This uprising was as disorganized as it was radical, however, and it became increasingly apparent as the days went on; the effectiveness of the uprising was condemned by its spontaneity. There was a noticeable lack of a political line, down to multiple interpretations of what was meant by “defund the police”; local radical organizations were inexperienced and unprepared to take up the reins, leaving the platform open to anyone with the gumption to do so.

The neoliberal establishment took quick advantage of the disorganized state of things. Various publications and news channels began to peddle the narrative of the “white agitator”, claiming that agents of chaos were being imported from outside the city with the intent to incite violence and create cause for arrest; these claims, despite being a transparent effort to sow distrust amongst the crowd, worked their way into the popular consciousness. Radical acts, such as minor property destruction, were suddenly met with suspicion; existing racial tensions were compounded with the deployment of an ideology which insisted on the passivity of white radicals. White radicals, as a result, either retreated into passivity or from the scene entirely, leaving radicals of color to their own devices; black radicals, lacking in resources and allies, and now in the exclusive company of the politically unprincipled or unaware, became especially vulnerable to attacks from recuperating forces. These forces, in the form of state-funded fronts of activist organizations, descended on the masses and seized the megaphones where they lie.

Within the week, a never before seen group had emerged in Columbus to lead the protests. Under the name Black Freedom, they explicitly decried the ‘extremists’ calling for police abolition and defunding, pushing for milquetoast reforms (although they themselves refused to even go so far as to call them “police reforms”) by way of community oversight and requiring police to reside within the communities they patrol. Engaging in the time-honored tactics of “working directly with the police,” Black Freedom sought co-ownership of the streets with their state confederates, shouting down what little resistance they encountered from existing radicals. Their protests, lacking in the revolutionary fervor (and accompanying risk of injury or arrest) of the days prior, drew large crowds which they controlled easily with the megaphone. The police, no longer threatened, kept their distance. Live music, demandless speeches full of empty aphorisms, and the ad nauseum repetition of barely understood chants came to characterize the protests in the weeks following their emergence.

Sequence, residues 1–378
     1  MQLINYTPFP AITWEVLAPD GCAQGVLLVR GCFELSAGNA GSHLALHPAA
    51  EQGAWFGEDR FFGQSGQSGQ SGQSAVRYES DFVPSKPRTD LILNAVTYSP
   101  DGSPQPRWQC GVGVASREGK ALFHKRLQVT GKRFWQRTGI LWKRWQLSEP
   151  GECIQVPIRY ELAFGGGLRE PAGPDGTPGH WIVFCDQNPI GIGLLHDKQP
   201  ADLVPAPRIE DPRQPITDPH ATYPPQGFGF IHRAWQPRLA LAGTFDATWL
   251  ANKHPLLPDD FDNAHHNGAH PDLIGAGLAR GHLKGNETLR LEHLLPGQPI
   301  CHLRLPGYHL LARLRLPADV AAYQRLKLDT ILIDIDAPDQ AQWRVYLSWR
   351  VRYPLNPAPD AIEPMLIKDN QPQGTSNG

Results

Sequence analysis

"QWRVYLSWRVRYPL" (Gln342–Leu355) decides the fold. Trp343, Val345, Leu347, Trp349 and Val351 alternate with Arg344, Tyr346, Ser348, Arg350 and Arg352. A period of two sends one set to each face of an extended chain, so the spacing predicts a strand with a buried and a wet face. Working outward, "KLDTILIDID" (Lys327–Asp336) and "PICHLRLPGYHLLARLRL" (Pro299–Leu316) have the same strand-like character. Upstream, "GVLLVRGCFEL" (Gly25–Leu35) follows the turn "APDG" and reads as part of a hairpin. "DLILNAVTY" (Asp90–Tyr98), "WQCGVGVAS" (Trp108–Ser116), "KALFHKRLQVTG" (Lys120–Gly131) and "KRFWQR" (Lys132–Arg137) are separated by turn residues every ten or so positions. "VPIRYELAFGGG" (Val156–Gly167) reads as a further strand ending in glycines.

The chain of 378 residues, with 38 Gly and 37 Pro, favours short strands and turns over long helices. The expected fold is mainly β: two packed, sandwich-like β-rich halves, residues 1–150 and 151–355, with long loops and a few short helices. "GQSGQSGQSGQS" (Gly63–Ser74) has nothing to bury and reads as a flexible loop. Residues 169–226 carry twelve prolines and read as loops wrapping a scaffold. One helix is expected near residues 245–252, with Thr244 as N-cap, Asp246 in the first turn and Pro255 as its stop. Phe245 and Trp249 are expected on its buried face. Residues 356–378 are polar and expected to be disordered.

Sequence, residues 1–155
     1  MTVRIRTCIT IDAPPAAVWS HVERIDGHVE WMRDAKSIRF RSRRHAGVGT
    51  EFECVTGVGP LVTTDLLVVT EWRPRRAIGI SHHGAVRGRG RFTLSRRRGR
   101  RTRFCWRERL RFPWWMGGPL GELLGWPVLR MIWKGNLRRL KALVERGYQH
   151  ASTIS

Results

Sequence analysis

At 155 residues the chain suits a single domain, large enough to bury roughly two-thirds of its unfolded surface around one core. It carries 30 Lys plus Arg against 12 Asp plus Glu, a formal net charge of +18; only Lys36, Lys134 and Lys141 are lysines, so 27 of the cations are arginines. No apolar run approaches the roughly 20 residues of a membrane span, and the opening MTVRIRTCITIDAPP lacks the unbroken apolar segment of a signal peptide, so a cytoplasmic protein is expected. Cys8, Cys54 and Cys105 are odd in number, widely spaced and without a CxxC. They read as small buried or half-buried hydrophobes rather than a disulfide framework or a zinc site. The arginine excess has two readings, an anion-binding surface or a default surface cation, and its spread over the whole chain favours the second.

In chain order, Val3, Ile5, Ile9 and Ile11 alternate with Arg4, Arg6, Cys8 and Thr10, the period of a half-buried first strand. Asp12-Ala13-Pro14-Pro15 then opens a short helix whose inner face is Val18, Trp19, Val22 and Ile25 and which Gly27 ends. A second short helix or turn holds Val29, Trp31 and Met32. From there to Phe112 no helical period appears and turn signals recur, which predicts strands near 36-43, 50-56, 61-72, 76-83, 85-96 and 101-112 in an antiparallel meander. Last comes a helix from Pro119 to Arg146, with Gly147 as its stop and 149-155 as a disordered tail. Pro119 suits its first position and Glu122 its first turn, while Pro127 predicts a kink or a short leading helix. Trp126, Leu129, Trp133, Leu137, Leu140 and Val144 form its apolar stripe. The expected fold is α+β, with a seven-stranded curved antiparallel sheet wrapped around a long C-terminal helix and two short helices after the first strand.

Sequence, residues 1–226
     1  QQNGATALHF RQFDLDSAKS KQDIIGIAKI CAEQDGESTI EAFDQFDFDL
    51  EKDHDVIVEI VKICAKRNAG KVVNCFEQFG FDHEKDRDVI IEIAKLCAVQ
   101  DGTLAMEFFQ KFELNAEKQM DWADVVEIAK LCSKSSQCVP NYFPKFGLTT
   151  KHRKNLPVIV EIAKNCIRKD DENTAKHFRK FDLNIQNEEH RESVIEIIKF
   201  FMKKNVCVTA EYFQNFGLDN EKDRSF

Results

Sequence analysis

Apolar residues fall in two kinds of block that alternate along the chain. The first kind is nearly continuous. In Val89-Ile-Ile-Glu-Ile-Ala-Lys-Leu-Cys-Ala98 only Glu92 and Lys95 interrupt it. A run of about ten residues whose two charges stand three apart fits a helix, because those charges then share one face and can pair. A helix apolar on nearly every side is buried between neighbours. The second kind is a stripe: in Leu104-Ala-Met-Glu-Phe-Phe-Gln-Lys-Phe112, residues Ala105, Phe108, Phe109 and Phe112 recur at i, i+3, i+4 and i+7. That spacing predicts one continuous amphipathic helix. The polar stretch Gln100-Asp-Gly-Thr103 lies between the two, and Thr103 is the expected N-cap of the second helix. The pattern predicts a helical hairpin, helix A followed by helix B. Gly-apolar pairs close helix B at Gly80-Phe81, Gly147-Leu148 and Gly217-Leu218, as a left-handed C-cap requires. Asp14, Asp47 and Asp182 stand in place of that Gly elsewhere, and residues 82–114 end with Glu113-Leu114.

As the long week of summer marched on, the protests continued but fewer and fewer victories were achieved. While George Floyd received some small modicum of justice, he is largely alone. The killers of Breonna Taylor, Ma’Khia Bryant, and countless others have been acquitted and the institutions responsible have not only NOT been defunded, but are receiving millions of dollars in additional pandemic relief funding. The fight, however, is far from over. As the capitalist crises intensify, and bipoc and the working class are left to desperately cope with their worst effects, it is only a matter of time before the streets are alight again with the fires of revolution. The forces of reaction grow stronger day by day, unhindered by our efforts, preparing to seize all power. If we are to be successful, and we must be, we must take lessons from the failures of 2020 to ensure that our next advance is an advance all the way towards victory. The next battle will be one in which we make the choice once and for all: socialism, or barbarism.

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Rio Nero and Ophelia